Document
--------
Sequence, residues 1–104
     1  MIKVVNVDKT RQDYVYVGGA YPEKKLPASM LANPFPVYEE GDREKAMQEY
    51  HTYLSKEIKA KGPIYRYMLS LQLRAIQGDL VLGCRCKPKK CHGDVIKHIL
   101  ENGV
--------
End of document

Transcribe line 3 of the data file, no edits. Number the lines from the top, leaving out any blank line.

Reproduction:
    51  HTYLSKEIKA KGPIYRYMLS LQLRAIQGDL VLGCRCKPKK CHGDVIKHIL